The state of New York will sue the Department of Homeland
Security (DHS) over the department’s move to block state residents from
enrolling or re-enrolling in Global Entry and other trusted-traveler programs.
Speaking at a press conference Friday, New York Gov. Andrew
Cuomo labeled the policy a purely political move similar to the Ukraine scandal
that led to President Donald Trump’s impeachment by the House, and of which he
was acquitted by the Senate on Wednesday.
“Don’t try to extort me. And don’t try to extort New
Yorkers. It’s not going to work. It didn’t even work with Ukraine. Learn the
lesson,” Cuomo said.
The DHS directive is a response to the Green Light Law
implemented by New York in December, which allows individuals without legal
immigration status to apply for a driver’s license. As part of that law, New
York blocked U.S. Customs and Border Protection (CBP) and Immigration and
Customs Enforcement (ICE) from accessing Department of Motor Vehicles data.
The directive applies to trusted-traveler programs Global
Entry, Nexus, Sentri and Fast. Global Entry provides expedited re-entry access
to U.S. travelers returning from abroad via air and sea. Nexus provides
expedited crossings between the U.S. and Canada and Mexico, and Sentri provides
expedited crossings specifically between the U.S. and Mexico. Fast is an
expedited entry and exit program for commercial truck drivers.
The move will impact an estimated 175,000 New Yorkers
annually as their membership in those programs expires, senior DHS official Ken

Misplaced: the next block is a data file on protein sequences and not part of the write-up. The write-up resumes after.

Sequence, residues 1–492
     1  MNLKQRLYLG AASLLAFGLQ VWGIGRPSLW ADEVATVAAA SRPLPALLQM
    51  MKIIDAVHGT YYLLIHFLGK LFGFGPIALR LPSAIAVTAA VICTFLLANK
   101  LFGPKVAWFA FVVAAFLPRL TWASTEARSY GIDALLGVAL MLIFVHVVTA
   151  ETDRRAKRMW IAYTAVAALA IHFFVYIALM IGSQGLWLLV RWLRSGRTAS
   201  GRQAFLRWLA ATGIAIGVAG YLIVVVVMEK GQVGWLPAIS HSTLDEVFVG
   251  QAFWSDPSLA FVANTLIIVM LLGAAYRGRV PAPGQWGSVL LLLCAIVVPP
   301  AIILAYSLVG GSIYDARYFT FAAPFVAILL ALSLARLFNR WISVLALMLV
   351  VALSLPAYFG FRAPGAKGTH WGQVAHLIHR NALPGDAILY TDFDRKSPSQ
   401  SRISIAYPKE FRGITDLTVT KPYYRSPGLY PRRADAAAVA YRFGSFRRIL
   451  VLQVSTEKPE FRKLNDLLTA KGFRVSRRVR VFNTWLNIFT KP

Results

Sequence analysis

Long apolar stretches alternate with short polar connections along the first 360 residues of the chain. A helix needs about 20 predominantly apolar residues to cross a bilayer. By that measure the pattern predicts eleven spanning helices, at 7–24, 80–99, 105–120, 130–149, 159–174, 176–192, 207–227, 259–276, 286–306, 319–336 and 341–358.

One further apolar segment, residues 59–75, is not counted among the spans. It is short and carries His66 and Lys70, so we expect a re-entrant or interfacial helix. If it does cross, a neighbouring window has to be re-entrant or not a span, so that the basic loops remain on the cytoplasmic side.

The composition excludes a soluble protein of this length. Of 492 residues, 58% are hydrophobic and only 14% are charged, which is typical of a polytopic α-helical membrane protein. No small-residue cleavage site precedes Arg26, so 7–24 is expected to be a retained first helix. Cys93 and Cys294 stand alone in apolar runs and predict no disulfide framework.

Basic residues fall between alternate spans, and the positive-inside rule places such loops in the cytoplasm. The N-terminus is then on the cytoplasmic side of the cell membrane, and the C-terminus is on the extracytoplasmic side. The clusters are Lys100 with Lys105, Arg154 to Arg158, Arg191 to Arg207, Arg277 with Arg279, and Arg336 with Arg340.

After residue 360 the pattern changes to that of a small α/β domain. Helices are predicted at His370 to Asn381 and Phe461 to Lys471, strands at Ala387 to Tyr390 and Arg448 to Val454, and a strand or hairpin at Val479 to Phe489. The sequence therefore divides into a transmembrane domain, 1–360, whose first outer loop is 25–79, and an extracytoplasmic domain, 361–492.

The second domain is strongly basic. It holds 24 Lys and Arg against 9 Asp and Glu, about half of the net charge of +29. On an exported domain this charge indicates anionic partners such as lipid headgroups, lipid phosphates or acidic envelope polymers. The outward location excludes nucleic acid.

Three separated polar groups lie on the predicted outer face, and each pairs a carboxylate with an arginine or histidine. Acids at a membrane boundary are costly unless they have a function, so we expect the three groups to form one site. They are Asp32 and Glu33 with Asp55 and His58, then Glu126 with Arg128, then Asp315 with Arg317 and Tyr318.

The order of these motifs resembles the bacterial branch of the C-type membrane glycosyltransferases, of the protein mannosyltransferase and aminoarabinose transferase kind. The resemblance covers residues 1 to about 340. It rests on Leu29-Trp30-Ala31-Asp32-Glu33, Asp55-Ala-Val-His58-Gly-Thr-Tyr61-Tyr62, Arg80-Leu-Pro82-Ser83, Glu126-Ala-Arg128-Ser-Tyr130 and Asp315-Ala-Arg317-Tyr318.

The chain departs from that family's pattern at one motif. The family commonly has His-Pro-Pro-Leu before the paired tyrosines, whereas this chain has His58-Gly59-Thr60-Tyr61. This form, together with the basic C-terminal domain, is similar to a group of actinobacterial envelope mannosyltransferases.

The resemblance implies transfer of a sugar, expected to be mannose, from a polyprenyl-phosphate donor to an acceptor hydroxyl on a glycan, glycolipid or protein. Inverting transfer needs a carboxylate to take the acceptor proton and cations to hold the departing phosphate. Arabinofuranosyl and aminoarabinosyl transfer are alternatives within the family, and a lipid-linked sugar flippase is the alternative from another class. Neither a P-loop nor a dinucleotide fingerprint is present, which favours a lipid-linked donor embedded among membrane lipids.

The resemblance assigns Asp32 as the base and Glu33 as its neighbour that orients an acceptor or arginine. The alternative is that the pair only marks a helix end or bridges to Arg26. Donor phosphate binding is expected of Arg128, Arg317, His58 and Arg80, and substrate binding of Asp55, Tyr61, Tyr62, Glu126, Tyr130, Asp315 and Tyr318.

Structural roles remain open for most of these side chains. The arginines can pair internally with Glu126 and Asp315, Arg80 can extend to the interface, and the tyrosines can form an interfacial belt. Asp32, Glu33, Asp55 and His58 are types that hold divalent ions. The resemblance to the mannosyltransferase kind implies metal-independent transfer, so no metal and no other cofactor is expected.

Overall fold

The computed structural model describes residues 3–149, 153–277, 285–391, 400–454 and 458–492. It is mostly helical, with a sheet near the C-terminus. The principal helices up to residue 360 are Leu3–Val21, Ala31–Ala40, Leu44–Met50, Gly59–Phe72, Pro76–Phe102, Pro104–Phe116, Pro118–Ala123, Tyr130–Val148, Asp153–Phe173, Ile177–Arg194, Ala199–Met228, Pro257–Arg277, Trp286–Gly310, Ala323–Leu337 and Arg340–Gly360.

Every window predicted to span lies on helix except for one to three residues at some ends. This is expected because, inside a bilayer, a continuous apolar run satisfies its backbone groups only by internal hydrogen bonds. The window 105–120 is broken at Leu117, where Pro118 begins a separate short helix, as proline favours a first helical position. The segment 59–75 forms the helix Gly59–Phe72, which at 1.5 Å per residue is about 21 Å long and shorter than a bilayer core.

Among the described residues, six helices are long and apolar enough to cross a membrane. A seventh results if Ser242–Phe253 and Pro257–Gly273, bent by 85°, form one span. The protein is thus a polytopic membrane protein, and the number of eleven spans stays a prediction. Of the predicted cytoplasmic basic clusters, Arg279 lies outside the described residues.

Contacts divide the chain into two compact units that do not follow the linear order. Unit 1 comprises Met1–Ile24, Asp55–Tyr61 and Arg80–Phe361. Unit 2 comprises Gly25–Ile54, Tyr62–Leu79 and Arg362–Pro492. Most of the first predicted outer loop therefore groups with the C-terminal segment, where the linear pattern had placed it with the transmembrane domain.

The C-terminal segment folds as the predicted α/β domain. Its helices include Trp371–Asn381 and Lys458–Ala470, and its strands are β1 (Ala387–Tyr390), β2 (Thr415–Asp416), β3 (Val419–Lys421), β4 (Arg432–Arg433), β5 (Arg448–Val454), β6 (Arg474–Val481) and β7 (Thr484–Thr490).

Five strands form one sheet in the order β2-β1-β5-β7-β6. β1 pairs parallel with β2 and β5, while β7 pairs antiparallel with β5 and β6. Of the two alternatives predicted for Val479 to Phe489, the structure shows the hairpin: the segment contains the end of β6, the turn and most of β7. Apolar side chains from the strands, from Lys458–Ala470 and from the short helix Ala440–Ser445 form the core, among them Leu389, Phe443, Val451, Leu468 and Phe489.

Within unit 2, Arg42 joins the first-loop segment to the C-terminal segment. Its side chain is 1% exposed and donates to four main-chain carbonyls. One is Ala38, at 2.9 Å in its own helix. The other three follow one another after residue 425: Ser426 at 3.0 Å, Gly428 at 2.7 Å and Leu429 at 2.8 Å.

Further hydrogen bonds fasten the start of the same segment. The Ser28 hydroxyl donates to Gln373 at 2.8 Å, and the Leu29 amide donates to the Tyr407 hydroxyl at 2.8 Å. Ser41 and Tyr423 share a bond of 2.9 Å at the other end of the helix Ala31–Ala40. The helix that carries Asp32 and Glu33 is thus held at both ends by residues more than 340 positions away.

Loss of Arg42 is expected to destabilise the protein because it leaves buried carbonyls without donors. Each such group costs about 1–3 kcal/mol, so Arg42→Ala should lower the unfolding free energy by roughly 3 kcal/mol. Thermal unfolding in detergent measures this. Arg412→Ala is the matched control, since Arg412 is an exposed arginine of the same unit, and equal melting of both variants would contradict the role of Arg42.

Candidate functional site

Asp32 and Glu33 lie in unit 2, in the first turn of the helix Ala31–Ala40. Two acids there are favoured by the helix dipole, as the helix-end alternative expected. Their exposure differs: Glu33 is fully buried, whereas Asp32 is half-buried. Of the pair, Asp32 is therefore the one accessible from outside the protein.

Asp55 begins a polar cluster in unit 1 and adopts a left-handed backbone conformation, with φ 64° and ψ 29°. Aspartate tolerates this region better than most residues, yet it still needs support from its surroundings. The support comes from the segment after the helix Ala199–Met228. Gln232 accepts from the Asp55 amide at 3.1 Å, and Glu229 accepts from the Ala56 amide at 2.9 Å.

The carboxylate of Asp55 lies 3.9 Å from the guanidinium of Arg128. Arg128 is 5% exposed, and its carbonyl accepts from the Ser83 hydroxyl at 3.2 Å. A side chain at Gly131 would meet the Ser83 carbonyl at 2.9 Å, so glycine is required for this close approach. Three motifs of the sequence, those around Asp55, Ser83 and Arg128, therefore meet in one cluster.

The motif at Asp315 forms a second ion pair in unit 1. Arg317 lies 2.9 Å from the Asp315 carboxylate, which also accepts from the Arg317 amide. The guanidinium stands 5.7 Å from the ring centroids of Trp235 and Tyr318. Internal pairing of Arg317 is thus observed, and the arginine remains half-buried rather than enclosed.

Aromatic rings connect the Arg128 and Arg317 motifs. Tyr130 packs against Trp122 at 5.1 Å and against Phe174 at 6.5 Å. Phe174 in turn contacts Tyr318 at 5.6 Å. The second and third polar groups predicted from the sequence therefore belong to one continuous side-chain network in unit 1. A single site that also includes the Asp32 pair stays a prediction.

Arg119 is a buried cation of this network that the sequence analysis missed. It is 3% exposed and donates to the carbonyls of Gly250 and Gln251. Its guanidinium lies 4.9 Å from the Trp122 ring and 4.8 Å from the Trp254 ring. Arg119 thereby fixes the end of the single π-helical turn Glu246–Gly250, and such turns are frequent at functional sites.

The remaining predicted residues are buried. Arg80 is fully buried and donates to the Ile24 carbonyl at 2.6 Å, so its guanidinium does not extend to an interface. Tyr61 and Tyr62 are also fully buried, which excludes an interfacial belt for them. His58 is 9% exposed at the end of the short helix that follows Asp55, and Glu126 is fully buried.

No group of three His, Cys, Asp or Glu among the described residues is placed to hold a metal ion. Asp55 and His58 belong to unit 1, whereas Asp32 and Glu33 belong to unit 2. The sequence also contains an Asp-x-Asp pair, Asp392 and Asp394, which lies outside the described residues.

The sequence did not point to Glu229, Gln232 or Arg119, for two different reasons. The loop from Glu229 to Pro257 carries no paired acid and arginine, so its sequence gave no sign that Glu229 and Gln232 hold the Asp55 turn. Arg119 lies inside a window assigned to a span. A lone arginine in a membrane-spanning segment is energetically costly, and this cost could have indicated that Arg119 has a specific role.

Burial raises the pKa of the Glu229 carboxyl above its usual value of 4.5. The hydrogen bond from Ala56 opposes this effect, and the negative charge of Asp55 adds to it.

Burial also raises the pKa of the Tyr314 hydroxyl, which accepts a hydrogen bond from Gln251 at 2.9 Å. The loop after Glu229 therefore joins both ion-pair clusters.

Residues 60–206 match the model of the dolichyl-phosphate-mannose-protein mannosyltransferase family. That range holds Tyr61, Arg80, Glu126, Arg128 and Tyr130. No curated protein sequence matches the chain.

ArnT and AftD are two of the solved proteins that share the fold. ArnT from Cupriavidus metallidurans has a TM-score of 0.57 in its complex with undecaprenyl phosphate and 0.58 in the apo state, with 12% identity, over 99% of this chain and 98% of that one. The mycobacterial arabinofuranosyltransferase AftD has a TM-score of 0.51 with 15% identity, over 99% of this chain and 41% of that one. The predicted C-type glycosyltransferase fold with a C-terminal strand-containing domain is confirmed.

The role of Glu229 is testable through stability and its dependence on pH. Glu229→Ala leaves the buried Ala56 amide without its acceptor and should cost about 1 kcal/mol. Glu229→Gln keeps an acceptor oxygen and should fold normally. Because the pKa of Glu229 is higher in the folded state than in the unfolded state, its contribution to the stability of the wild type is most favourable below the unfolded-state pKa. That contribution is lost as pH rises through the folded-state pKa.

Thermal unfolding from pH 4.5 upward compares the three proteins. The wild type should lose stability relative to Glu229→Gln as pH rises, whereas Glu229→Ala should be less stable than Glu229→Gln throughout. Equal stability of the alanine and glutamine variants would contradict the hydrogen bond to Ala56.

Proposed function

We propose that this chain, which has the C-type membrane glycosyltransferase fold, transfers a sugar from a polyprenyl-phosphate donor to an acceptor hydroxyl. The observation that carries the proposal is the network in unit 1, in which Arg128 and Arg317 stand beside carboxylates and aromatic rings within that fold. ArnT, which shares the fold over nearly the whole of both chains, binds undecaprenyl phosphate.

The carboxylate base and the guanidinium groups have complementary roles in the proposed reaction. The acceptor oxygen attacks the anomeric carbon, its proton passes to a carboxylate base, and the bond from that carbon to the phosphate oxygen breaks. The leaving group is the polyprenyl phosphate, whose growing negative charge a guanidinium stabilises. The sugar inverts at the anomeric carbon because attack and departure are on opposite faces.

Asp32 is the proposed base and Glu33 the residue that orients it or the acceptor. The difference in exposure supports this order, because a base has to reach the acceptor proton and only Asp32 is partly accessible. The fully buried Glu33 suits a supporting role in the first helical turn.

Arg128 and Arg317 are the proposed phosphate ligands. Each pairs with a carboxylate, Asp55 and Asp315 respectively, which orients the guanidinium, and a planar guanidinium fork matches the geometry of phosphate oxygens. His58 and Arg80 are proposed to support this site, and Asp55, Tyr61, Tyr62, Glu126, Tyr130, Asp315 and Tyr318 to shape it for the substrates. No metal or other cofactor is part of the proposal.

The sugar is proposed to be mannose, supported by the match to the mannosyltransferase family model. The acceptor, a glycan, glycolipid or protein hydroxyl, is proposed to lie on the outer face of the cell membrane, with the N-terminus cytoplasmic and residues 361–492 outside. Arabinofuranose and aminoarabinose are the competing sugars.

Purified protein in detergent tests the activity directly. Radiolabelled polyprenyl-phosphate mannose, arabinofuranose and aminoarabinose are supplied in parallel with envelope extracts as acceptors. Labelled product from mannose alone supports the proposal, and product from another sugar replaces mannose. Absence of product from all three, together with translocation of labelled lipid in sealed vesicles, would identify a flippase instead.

Cuccinelli told the media Thursday. In addition, approximately 80,000 New York
residents who are in the process of applying for one of the programs will be
In a letter to New York Department of Motor Vehicle
officials, acting DHS secretary Chad Wolf wrote that having access to state
vehicle records, including aspects of a person’s criminal history, allows the
CBP to verify that applicants to trusted-traveler programs meet the low-risk
Cuomo dismissed that justification, saying that the state
gives its Department of Motor Vehicles database to the FBI. If the DHS wants
access, he said, it can just go to the FBI. Cuomo further added that
individuals don’t need a driver’s license to qualify for Global Entry.
The real reason for the Trump administration’s interest in
New York driver’s license records, he said, is to obtain information on
“They want those records. I don’t want ICE to have those
records,” said Cuomo. “Why, because ICE will use those records as a means to do
deportations. The way ICE does deportations has wreaked havoc all over this
In a tweeted response to Cuomo’s remarks, Wolf said that in
a conversation Thursday he made clear to the governor that the enrollment halt
is about the breakdown of information-sharing from the state of New York, and
not about drivers’ licenses.
“The reality is the New York law has a crippling impact on integrity of these travel programs, and without access to New York
records systems, our personnel are unable to conduct risk assessments to
screen-out criminal histories,” Wolf wrote.
Cuomo said New York will move forward with a lawsuit “forthwith.”